Ken Spears, best known for bringing the globally beloved scaredy-dog Scooby-Doo to screens, has died at age 82 just months after the passing of co-creator and Ruby-Spears Productions co-founder Joe Ruby. The animation producer died Friday, Nov. 6 from complications of Lewy body dementia, his son Kevin Spears told Variety.
Born Charles Kenneth Spears on March 12, 1938, the Los Angeles native got his start as a friend of animation producer William Hanna’s son. Spears was hired on to Hanna-Barbera as a sound editor in 1959, where he met Ruby and the two formed a writing partnership. The longtime collaborators wrote for both animated and live-action programs as freelancers and as staff writers for Hanna-Barber, Sid and Marty Kroft and DePatie-Freleng.
Spears and Ruby’s iconic series Scooby-Doo, Where Are You!, produced by Hanna-Barbera, premiered on CBS in 1969. They also created Dynomutt and Jabberjaw for the studio, and The Barkleys and The Houndcats for DePate-Freleng in the early 1970s. CBS kids’ programming head Fred Silverman hired the duo on to supervise the network’s Saturday morning block, and brought Spears and Ruby with him when he moved to ABC.
The lifelong collaborators established Ruby-Spears Productions in 1977 as a subsidiary of Filmways, producing a number of classic Saturday morning cartoons, including Fangface, The Plastic Man Comedy-Adventure Hour, Thundarr the Barbarian, Alvin and the Chipmunks, Mister T and Superman. The company was acquired by Hanna-Barbera parent co. Taft Entertainment in 1981, and the Ruby-Spears library was later sold alongside its one-time competitor studio to Turner Broadcasting (WarnerMedia) in 1991.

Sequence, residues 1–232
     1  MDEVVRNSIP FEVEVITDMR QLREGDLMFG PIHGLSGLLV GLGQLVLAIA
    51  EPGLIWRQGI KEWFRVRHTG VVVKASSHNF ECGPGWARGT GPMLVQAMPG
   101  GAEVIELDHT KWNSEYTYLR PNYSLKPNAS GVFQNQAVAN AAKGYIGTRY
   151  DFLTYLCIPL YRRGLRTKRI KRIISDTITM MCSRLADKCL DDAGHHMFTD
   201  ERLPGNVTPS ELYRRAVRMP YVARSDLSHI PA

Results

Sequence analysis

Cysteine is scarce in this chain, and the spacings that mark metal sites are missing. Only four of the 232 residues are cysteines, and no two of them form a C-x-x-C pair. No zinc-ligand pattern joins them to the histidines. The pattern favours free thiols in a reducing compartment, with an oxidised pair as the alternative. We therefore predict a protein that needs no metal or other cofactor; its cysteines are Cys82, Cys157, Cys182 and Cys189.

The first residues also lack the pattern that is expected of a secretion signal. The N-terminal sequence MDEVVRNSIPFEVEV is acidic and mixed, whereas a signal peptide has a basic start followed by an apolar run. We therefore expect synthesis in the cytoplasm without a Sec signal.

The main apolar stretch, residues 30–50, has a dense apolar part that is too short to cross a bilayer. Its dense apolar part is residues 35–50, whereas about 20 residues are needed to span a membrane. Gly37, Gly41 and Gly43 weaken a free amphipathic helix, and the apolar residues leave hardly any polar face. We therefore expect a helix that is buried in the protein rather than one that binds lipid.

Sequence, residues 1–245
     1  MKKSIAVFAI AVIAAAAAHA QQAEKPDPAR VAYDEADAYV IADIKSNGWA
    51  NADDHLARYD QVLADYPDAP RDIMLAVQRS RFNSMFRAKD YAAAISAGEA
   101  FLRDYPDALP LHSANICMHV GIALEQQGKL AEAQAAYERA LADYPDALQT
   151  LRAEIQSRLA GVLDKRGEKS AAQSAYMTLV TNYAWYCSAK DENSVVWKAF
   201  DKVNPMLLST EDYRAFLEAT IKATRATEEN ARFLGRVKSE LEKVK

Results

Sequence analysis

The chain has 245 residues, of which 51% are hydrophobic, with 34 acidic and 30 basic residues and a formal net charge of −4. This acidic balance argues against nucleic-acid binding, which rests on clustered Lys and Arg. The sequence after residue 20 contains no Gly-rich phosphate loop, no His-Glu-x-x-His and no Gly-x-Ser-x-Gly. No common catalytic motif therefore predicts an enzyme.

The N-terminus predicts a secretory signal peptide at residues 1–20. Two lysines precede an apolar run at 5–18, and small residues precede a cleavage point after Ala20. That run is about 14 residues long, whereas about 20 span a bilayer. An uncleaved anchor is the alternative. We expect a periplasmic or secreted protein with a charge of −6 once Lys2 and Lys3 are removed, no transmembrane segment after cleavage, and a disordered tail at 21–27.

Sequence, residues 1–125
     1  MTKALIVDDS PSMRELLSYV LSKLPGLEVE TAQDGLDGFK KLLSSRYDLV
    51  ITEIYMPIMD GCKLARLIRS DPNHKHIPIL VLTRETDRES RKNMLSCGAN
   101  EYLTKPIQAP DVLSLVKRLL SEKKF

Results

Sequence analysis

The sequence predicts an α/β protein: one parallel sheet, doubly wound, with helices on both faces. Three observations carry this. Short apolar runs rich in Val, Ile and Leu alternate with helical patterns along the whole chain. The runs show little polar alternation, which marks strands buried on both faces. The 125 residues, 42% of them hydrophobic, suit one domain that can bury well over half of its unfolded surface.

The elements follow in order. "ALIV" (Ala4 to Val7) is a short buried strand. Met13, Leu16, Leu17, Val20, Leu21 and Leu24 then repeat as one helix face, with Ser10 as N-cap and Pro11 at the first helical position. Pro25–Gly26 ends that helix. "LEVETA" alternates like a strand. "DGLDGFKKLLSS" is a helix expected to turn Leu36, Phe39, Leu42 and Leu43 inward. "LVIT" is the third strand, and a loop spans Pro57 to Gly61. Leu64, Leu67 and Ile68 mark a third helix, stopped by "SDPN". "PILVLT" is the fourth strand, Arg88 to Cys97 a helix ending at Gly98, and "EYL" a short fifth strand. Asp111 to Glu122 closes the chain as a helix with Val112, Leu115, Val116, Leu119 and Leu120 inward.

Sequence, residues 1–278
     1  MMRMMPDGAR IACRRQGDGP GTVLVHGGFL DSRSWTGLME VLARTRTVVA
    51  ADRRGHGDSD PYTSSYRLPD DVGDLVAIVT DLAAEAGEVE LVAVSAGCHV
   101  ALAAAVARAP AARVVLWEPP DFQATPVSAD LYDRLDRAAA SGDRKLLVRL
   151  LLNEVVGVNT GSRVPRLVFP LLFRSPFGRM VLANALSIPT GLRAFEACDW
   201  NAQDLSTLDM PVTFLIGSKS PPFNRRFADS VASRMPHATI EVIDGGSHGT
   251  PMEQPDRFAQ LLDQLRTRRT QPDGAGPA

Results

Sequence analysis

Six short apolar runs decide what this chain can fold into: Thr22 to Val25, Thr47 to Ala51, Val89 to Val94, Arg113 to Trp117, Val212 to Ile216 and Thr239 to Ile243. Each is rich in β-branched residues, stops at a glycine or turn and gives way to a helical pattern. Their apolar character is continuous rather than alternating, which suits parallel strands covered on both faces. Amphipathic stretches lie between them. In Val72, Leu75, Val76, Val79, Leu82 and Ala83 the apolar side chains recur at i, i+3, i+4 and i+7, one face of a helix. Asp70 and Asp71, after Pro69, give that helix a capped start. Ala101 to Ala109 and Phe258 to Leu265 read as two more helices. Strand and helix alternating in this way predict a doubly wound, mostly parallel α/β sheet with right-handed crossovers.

Spears and Ruby continued to collaborate on producing and developing animated series until the latter’s death in August.
Sam Register, President, Warner Bros. Animation and Cartoon Network Studios, gave the following statement: “Warner Bros. Animation is saddened to learn of the passing of Ken Spears and we send our warmest thoughts to his loved ones. He was a true innovator in the industry whose gifts of humor and storytelling continue to delight audiences. You cannot find a screen in the world that has not played a version of Scooby-Doo. We continue to be inspired by his work at Warner Bros. Animation and are honored to carry on the legacy of his beloved characters.”